Gerry Canavan

the smartest kid on earth

Posts Tagged ‘NASA

Wednesday Links!

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tumblr_nirowmOALX1qmyzbvo1_r1_1280* This is the only movie franchise Disney should produce from now on.

* On indigenous futurism.

* It’s not time to degree, it’s time from degree.

* Horrifying, tragic triple murder in Chapel Hill.

Professors and other university employees wouldn’t be able to criticize or praise lawmakers, the governor or other elected officials in letters to the editor if they use their official titles, under a bill introduced in the Legislature. Having solved every other problem in existence, the Legislature now turns its eyes towards…

* The University of Wisconsin cuts as queen sacrifice.

* What University Administrators Gain from $300 Million in Cuts. Notes from the conspiracy against UW.

 * How our paths have diverged from that August afternoon in 1986. True story: it was freshman orientation just outside Memorial Union. We were two of a couple thousand new Marquette University freshman wistful about what our futures held. Four years later, I graduated from Marquette and later became Wisconsin High School Teacher of the Year. You never graduated, and you became the Governor of the State of Wisconsin bent on dismantling public education. Ironic, isn’t it? Situational irony at its best. I’d laugh if its ramifications weren’t so utterly destructive for the state of Wisconsin.

* First Louisiana, then Wisconsin, now South Carolina ups the ante. Now they want to shut it down for two years. Would it shock you if I told you this was a historically black college? Would it completely blow your mind?

What Even is African Literature Anyway.

SOFIA SAMATAR: Lately I have been thinking about African literature as the literature that becomes nothing.“African subjectivity…is constituted by a perennial lack: lacking souls, lacking civilization, lacking writing, lacking responsibility, lacking development, lacking human rights and lacking democracy. It is an unending discourse that invents particular ‘lacks’ suitable for particular historical epochs so as to justify perpetuation of asymmetrical power relations and to authorize various forms of external interventions into Africa.” (Sabelo J. Ndlovu-Gatsheni, Empire, Global Coloniality And African Subjectivity)This was kicked off when I read Sabelo Ndlovu-Gatsheni on lack. We know that all literary works are copies, but Africanliterature is a copy in a way that obliterates it (Ouologuem, Camara Laye, whatever, choose your plagiarism scandal). All literature is political, but African literature is political in a way that makes it cease to be literature (it’s “too political,” “didactic,” etc.). All literature is produced to suit a market, but African literature is produced to suit an illegitimate, inauthentic, outside market (it’s always in the wrong language). Its market also makes it nothing…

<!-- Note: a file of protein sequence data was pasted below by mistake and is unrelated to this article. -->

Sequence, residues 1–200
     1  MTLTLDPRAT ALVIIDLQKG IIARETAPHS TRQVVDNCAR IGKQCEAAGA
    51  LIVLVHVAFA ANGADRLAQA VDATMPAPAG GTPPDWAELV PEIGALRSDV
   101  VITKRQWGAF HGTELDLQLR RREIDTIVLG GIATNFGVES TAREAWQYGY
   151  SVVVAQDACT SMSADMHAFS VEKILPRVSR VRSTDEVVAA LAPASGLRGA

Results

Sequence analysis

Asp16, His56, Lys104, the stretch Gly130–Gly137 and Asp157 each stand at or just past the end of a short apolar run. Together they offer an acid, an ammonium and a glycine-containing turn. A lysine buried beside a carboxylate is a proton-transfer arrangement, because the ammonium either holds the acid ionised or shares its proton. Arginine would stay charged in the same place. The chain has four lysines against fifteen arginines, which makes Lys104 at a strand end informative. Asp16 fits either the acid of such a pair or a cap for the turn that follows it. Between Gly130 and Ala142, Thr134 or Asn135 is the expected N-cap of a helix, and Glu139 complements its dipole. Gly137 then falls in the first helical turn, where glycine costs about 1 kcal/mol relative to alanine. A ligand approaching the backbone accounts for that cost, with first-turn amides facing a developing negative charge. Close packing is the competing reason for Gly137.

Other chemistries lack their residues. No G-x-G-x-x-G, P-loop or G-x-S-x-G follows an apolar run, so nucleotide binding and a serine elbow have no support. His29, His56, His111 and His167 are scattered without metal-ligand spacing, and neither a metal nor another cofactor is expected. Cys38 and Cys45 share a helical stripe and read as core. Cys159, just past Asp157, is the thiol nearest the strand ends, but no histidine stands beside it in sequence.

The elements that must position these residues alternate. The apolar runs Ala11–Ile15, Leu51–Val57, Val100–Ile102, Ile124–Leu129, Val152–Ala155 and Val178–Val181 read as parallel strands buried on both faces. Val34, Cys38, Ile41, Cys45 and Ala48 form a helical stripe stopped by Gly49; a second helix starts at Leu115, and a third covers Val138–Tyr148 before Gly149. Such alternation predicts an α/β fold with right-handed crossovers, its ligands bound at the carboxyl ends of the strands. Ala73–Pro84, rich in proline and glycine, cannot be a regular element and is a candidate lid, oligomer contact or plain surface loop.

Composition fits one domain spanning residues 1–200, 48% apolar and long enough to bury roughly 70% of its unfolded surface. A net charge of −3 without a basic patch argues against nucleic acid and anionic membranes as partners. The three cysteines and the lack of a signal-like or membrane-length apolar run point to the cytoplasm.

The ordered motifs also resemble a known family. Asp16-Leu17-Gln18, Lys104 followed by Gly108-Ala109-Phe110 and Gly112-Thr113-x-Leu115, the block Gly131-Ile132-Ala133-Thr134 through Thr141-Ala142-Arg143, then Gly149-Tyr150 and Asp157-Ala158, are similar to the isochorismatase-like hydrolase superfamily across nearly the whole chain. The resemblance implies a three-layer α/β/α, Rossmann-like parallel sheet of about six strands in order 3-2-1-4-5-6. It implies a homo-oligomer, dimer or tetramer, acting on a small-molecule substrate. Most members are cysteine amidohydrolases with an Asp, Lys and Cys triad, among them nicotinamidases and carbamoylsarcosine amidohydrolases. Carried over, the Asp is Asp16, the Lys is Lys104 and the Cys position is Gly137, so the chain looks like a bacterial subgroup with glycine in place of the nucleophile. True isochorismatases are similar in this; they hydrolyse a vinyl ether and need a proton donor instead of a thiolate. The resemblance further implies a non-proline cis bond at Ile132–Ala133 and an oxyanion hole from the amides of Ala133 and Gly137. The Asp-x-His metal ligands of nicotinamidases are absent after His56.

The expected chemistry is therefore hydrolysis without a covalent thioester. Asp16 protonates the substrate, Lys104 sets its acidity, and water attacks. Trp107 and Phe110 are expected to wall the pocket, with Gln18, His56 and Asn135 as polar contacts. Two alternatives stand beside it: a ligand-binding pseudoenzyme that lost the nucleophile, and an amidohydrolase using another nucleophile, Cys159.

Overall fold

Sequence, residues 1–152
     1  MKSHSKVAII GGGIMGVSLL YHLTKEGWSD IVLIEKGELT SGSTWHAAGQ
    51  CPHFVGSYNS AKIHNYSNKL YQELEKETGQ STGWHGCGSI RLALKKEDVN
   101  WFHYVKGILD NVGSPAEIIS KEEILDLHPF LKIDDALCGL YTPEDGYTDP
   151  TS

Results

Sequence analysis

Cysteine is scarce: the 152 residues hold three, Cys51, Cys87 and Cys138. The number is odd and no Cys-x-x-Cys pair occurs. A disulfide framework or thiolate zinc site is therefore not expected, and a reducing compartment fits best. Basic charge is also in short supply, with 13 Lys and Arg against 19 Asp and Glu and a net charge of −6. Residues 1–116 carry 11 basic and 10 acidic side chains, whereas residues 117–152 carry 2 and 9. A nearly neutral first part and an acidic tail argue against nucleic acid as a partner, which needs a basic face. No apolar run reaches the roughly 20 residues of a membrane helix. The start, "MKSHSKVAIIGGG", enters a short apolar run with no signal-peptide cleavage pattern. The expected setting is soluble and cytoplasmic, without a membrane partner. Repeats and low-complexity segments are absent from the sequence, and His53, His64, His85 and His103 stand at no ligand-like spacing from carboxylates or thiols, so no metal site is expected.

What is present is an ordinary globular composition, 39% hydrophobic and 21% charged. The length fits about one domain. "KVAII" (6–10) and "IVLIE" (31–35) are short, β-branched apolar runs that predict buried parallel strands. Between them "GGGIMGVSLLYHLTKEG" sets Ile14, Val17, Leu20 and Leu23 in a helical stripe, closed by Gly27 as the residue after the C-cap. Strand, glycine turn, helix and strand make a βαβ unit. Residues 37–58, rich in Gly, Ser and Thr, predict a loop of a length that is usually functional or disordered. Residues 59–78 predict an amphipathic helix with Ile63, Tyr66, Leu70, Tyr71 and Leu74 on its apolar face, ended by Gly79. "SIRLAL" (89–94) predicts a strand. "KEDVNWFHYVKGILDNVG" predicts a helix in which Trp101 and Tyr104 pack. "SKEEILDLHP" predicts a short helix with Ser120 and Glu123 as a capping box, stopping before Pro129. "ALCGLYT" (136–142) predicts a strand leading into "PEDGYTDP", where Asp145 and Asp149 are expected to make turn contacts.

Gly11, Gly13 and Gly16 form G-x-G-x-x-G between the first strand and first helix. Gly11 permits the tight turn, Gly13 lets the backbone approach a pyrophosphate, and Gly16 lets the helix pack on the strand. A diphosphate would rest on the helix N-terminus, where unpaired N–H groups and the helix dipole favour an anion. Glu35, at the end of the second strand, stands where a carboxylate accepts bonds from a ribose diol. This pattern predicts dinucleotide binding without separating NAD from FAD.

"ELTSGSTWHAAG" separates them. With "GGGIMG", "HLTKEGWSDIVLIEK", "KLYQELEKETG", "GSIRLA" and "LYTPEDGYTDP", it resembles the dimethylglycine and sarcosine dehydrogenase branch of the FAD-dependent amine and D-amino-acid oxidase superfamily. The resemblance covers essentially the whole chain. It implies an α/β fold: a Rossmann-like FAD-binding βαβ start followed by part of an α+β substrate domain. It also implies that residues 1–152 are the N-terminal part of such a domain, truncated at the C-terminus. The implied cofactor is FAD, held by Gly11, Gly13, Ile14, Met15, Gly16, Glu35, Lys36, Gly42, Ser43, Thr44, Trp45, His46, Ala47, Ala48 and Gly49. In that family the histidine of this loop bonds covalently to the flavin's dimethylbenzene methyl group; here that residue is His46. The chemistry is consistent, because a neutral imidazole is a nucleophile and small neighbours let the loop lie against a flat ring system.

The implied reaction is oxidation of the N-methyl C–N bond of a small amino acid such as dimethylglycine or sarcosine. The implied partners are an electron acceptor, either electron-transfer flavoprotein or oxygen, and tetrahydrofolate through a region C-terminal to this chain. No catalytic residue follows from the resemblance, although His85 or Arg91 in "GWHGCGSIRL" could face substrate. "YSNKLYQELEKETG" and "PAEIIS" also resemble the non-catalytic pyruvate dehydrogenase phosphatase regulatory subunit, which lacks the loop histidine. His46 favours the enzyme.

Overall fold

Crumbs is a new feature-length film project from award-winning Addis Ababa-based Spanish director Miguel Llansó boldly touting itself as “the first ever Ethiopian post-apocalyptic, surreal, sci-fi feature length film.” Its cryptic official trailer, which we first spotted over on Shadow and Act, takes us deep into a bizarre universe inhabited by the beautiful Candy (played by Ethiopian actress Selam Tesfaye) and her diminutive scrap collecting partner Birdy (played by Ethiopian actor Daniel Tadesse Gagano), who sets out on a journey to uncover strange happenings in their otherwise desolate surroundings.

In the high-stakes world of American education, Pearson makes money even when its results don’t measure up.

* Jon Stewart quits. Brian Williams suspended. Tough times in fake news.

* Another preview of Graeber’s The Utopia of Rules.

* To all the young journalists asking for advice.

I asked Mr. Trachtenberg if it was morally defensible to let students borrow tens of thousands of dollars for a service that he himself had compared to a luxury good. He is not, by nature, one for apologies and second-guessing. “I’m not embarrassed by what we did,” he said. “It’s not as if it’s some kind of a bait and switch here. It’s not as if the faculty weren’t good. It’s not as if the opportunities to get a good degree weren’t there. There’s no misrepresentation here.” He seemed unbowed but also aware that his legacy was bound up in the larger dramas and crises of American higher education.